As I ran out the store the store’s security followed ME as if I stole something. He told me to stop but I didn’t because I didn’t know if the guy was going to shoot me. I was outside at this point and my brother told the security to get his hands off of me cause we were running due to some guy brandishing a gun.

Me, my brother, and his friend (who was only 14) ran to the car. I threw up from anxiety as soon as I got in the car. As we pulled out of the lot I asked my brother about the two other kids in the store and he said nothing. We soon recieved a phone call.

When my brother answered the phone it was a PG police officer stating that my the guy I had gotten into it with was an MPD Forensics Police Officer and they had two of his friends who just happened to be in the store. They said I needed to come to the store and give a statement. I came back and explained everything as I am now, how this bastard went out of his way to harass me for no reason and then pulled a firearm on my brother when confronted (police told me he stated he felt threatned smh).

My thing is if he was felt threatened well then where did he get off harassing me? Anyways I gave a statement and the police gave me his name and badge and Lieutenant’s name so I could report him. I filed a formal complaint with his Lt. He was exonerated.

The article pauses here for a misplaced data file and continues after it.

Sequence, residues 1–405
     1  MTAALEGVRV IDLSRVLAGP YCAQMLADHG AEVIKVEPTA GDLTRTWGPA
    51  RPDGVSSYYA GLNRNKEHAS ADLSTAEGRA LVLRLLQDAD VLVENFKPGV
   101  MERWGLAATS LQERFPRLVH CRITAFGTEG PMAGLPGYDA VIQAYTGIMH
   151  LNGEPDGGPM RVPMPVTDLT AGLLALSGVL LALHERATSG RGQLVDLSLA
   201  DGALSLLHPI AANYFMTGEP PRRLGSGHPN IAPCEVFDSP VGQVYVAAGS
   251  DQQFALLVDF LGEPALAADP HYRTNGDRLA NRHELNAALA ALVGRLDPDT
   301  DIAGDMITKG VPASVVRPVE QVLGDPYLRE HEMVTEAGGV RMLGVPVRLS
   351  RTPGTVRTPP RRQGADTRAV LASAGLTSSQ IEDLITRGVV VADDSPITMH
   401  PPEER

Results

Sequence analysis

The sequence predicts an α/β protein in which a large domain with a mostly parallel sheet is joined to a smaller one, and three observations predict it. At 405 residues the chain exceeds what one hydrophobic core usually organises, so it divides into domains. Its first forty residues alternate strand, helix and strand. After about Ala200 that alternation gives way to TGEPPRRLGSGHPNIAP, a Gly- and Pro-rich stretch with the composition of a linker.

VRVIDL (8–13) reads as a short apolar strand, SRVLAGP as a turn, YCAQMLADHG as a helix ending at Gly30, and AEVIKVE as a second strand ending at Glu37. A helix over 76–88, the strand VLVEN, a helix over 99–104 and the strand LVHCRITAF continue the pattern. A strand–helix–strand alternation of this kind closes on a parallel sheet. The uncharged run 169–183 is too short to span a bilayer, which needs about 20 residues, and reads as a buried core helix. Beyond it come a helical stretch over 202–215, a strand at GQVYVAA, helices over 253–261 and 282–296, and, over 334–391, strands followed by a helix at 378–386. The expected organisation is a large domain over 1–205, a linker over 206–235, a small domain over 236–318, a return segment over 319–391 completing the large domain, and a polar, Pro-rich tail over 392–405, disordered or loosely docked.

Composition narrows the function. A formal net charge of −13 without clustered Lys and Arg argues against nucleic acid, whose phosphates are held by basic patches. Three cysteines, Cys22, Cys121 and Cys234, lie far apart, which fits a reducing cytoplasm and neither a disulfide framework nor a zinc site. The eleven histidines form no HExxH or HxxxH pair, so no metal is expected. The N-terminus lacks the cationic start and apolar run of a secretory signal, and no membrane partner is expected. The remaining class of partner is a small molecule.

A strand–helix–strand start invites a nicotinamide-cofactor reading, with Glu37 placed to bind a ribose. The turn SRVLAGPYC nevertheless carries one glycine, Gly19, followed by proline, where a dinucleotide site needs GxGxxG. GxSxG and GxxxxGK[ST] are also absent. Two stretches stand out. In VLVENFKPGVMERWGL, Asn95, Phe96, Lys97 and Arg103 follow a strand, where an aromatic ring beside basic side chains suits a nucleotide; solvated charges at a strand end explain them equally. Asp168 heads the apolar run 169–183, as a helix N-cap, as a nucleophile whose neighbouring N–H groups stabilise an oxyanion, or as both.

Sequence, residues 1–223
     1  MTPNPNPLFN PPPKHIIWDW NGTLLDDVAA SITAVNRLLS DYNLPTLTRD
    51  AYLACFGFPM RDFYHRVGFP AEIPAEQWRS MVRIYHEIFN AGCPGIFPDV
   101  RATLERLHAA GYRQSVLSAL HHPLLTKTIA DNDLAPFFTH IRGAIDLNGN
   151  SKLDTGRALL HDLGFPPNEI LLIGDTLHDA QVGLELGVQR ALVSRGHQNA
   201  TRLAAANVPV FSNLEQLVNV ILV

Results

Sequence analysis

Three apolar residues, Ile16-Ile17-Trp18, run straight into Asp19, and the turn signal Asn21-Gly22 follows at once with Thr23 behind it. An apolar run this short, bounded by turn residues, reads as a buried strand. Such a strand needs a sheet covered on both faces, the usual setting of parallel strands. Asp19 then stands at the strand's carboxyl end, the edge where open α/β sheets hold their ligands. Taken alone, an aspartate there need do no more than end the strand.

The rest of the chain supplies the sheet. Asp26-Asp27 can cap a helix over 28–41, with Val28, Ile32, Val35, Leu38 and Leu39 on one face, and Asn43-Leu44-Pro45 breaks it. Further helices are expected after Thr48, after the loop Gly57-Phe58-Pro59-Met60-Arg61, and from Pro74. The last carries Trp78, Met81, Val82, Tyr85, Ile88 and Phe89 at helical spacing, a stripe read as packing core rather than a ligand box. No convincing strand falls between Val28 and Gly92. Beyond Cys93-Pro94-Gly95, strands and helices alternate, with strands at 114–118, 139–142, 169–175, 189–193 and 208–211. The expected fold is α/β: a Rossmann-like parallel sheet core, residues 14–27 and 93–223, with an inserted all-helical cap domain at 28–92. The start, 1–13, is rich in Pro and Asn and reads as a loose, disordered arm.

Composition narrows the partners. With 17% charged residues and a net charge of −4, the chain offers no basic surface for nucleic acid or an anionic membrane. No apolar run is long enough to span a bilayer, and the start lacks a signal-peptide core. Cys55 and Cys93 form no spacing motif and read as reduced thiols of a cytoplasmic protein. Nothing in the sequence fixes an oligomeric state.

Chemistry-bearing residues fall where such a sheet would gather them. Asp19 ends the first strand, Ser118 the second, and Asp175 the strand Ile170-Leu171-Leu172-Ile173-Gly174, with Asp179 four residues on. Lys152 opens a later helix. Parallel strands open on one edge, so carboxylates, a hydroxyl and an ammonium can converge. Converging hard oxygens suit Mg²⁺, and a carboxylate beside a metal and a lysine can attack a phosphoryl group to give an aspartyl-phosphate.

They said that based on the fact that there were multiple people in the store who knew my brother it ‘appeared’ to be an attack. Even though they never apporached him and he actually grabbed them.

Also, while I was getting harassed no one said anything (some grown black males were actually laughing). Anyways, the Lt. said based on witnesses they claimed I was being more combative (interesting huh ) especially since no one was around when he approached.

She even told me to own up to my culpability and tried to infer that I planned an attack. There’s a difference between a confrontation and an attack. What the officer did was an attack. Also, how was I to know he had friends with him (and they didn’t approach the harasser anyways).

When I filed an appeal a Lt. from invesitgative services bureau looked into the incident and found misconduct on the officer’s behavior because even if he was threatened he should have announced himself. He made recommendations for punishments and the officer’s commander overuled and just gave him a verbal repirmanding.

I was disgusted and am now trying to make local news media aware of my experience. MPD has made me lose faith and respect for them.

I am a woman who was minding her own business and one of their officers went out of his way to harass/intimidate me. At the time I didn’t understand why he was carrying on in the way he was because there was no reasonable reason for it. He literally walked up to me when I was alone and started lashing out at me.